Focus on Extrinsic and Intrinsic Factors that Help Improve Employee Engagement

March 21, 20168:35 am3842 views

If you think your boss doesn’t know how to motivate or engage you at work, you’re probably right. A new report on staff engagement by recruiting experts Hays found a disparity of up to 13% between what people say engages them at work and what employers think engages their employees.

The report by Hays titled, ‘Staff Engagement: Ideas for action’ provides practical strategies to help organisations improve employee engagement.

Hays surveyed 1,196 employers and employees, and found that being valued, recognition for a job well done, and understanding how their success will be measured are the top three engagement factors for today’s employees.

Yet employers believe that ensuring staff understand how their role contributes to the organisation’s success, how their role helps the organisation achieve its business objectives, and feeling valued are most important.

“An engaged workforce is typically one in which employees understand and are committed to an organisation’s values and objectives, and are passionately motivated to go above and beyond to help achieve its goals,” says Nick Deligiannis, Managing Director of Hays in Australia and New Zealand.

“But this doesn’t just happen. Employers need to focus on both intrinsic and extrinsic engagement factors and understand what really matters to people, rather than assuming they know best.”

Top 12 Engagement Factors – Employee and Employer Attitudes Compared:employee engagementAccording to Hays, 97% of employers believe staff engagement is important while, 90% say an engaged workforce has a greater positive impact on an organisation’s financial performance. Yet just 40% believe that the majority of their staff is engaged.

See: Employee Engagement Tactics to Empower and Motivate Talented Workforce

Intrinsic Factors:

  • Purpose: Employees who understand what they are working towards feel a greater sense of purpose. So communicate objectives and strategy, as well as employees’ role in achieving them.
  • A sense of being valued: Employees want to know how their success will be measured, what achievements constitute success, and be valued and recognised for good work.
  • A sense that their emotions are respected: Managers need to work on their Emotional Intelligence (EI) as it makes them aware of their own feelings and those of their team.
  • A sense of being treated fairly: Employees want to feel that they are respected and treated fairly by a manager who is dependable, trustworthy, and who they can work collaboratively with.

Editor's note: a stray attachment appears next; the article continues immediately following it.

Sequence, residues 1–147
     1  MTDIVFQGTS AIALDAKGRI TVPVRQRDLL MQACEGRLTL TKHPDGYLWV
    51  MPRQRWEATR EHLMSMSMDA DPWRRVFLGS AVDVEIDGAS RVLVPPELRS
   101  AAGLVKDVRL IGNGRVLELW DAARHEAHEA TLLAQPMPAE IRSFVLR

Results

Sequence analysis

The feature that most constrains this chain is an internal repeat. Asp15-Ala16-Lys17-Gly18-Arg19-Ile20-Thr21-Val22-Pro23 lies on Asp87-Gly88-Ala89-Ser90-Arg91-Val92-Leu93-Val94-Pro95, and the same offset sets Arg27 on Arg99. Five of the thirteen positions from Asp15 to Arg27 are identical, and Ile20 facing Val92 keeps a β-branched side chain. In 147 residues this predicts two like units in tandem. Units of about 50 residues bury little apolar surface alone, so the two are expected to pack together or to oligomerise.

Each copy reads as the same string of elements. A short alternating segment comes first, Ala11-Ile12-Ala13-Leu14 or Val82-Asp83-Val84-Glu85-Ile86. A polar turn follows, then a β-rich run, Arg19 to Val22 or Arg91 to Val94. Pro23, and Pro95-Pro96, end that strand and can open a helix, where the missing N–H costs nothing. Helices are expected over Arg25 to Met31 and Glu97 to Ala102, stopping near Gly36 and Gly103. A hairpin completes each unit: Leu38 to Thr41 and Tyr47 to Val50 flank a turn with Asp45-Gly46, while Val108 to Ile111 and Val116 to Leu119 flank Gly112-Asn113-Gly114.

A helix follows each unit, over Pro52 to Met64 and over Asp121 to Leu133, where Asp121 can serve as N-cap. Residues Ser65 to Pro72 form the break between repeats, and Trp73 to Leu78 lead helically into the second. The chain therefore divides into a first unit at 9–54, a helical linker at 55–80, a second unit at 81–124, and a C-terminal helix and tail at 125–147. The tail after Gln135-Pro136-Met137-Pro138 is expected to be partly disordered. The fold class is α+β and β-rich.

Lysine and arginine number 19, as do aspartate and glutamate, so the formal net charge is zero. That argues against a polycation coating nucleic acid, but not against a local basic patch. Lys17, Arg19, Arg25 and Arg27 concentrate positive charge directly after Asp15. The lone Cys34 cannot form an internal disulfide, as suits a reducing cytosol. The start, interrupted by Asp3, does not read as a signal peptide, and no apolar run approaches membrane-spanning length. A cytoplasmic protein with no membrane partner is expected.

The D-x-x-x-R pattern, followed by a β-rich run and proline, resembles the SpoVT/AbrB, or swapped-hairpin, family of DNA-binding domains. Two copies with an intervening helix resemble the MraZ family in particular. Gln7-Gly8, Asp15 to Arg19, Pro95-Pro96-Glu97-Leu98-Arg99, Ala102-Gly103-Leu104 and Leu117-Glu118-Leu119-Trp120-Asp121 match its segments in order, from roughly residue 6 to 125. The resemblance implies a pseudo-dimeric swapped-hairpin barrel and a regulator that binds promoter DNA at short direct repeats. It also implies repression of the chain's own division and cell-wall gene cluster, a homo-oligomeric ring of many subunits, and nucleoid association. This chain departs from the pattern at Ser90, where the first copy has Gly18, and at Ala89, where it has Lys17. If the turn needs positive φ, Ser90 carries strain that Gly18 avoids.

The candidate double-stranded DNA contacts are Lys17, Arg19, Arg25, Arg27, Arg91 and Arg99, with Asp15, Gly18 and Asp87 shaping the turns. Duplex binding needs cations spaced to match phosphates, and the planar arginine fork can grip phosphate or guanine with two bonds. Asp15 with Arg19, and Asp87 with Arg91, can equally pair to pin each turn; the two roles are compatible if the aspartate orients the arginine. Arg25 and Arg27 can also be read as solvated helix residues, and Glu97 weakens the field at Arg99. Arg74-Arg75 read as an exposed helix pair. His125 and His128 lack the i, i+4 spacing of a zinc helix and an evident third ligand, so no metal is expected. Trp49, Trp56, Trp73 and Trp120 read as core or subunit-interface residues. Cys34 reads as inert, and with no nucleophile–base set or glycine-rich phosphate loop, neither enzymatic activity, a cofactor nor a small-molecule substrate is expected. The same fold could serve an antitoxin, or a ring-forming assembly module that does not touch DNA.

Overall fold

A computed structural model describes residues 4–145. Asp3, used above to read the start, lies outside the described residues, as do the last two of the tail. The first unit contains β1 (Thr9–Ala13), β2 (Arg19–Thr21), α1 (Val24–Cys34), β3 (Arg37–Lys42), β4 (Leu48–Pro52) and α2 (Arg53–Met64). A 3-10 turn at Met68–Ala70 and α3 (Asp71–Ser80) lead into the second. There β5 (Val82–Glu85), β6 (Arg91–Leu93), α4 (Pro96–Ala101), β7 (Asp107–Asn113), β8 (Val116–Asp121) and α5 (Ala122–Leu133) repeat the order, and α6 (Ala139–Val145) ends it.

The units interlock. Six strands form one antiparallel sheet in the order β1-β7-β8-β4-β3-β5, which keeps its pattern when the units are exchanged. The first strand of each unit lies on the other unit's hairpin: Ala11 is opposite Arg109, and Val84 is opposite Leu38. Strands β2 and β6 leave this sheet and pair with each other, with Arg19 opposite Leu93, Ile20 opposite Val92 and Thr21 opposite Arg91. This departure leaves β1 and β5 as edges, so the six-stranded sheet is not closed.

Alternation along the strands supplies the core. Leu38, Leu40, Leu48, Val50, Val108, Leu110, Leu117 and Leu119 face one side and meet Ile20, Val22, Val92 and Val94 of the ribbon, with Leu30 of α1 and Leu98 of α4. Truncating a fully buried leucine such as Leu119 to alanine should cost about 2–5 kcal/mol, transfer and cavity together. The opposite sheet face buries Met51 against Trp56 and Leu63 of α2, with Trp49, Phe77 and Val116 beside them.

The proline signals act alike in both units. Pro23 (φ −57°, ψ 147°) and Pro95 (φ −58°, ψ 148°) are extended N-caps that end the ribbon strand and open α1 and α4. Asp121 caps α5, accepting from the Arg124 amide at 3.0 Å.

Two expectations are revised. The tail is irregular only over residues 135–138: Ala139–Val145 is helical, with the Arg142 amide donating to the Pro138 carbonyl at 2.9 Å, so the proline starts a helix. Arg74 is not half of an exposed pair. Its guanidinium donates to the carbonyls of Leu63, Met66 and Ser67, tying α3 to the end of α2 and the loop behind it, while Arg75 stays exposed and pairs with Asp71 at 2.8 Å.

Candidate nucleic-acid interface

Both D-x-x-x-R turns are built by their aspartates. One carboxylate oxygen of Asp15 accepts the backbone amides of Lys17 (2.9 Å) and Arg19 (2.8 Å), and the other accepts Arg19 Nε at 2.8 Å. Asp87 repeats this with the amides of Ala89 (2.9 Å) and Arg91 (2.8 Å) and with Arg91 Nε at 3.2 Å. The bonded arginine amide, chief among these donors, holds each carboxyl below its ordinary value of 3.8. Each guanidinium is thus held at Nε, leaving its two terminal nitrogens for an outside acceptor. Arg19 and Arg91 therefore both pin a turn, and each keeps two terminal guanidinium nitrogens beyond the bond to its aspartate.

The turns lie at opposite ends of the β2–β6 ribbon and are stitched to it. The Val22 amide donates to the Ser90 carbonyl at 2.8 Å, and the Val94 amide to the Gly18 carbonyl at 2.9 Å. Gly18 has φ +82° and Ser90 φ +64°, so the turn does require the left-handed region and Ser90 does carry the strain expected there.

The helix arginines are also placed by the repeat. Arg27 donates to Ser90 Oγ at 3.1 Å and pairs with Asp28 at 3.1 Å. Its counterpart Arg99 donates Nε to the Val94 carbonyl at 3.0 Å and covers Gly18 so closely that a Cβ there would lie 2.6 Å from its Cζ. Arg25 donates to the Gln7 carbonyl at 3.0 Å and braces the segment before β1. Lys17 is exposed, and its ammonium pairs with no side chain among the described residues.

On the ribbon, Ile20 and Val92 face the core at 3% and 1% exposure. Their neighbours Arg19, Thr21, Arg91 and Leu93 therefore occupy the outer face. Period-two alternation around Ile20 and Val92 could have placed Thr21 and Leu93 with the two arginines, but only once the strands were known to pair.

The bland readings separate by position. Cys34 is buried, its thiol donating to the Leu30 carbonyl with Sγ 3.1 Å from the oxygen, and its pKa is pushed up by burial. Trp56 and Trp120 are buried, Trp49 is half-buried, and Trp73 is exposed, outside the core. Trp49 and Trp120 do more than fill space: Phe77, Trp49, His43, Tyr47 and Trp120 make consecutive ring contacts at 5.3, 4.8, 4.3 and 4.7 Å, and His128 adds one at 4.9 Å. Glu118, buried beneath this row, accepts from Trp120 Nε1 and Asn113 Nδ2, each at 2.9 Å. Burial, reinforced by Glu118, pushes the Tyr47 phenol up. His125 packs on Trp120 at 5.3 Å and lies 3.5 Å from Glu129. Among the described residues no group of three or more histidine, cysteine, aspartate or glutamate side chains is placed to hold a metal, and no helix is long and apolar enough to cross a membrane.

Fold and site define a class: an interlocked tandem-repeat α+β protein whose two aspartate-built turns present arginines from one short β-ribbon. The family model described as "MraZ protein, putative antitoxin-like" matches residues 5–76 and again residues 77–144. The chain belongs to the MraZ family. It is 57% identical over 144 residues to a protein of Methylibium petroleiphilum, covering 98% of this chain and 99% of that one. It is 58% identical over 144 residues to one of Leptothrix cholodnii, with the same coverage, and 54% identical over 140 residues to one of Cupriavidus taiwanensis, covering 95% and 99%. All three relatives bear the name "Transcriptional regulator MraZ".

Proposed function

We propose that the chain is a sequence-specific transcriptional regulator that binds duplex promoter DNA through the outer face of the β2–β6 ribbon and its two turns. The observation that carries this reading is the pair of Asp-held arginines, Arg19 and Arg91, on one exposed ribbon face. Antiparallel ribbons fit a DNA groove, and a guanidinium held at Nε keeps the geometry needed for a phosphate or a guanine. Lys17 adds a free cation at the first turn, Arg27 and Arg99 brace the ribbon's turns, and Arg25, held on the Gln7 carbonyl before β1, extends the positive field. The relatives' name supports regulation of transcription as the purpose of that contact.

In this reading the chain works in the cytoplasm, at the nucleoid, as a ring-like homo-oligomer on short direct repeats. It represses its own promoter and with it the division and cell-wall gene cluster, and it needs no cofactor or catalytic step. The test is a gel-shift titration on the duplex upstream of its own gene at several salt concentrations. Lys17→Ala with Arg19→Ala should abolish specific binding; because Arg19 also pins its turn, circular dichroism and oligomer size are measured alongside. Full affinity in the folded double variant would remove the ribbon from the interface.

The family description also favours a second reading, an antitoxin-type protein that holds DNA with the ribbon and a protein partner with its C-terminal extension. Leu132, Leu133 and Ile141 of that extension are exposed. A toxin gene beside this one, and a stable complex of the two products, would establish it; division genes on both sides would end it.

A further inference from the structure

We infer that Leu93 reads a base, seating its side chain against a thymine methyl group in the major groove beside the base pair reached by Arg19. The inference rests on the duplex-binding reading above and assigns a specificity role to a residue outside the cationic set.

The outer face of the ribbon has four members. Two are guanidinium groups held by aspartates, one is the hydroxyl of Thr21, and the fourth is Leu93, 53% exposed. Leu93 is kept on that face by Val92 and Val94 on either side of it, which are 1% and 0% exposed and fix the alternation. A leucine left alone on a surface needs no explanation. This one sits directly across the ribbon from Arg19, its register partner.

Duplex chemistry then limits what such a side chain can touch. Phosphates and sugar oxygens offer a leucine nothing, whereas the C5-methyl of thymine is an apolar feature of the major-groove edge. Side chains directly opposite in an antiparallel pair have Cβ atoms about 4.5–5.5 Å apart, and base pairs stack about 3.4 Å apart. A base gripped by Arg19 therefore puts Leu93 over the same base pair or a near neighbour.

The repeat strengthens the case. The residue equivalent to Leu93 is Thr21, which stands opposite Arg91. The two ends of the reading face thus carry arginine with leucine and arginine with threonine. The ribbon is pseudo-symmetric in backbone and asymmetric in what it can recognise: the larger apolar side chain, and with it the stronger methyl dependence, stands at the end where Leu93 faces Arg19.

• Satisfaction from making a difference: People increasingly gain satisfaction from working for an organisation that helps to make a difference in the community, so embrace CSR.

 Extrinsic Factors:

  • Induction and Onboarding: No one forgets a difficult adjustment period so provide an effective induction, and then use onboarding to engage staff with your culture and values.
  • Performance management: People want to know how they’re performing, where they’re going and how they can improve. Have you considered regular two-way progress reviews?
  • Reverse appraisals make their voice louder: Reverse appraisals make a positive difference, provided you take feedback seriously and employees see change as a result.
  • Diversity of thought: Include staff, help them feel that they can be themselves, share different perspectives and provide an honest opinion. This helps employees feel their opinion counts.
  • Money: An annual salary review is important, while to engage employees they need to understand what objectives must be met in order to qualify for any performance-based bonus.
  • Learning and Development: People want to be good at their jobs – and they want you to care about investing in them. This makes L&D a crucial tool in nurturing and engaging staff.
  • Flexibility: Flexible work practices will help keep engagement high. This is just as important for working fathers and other members of your workforce as it is for working mothers.
  • Work environments: The key to whether a ‘cool’ work environment impacts engagement positively or is a distraction, depends on if it reflects and enhances your organisation’s culture.
  • Technology: Consider how technology can impact employee engagement. This includes the online delivery of training and gamification, as well as using collaboration tools for business.
  • Offboarding: An offboarding process helps departing staff stay engaged – important when their opinions on company review sites like Glassdoor impact the perception of future candidates.

Also read: Top 8 Tips for Improving Employee Engagement and Performance

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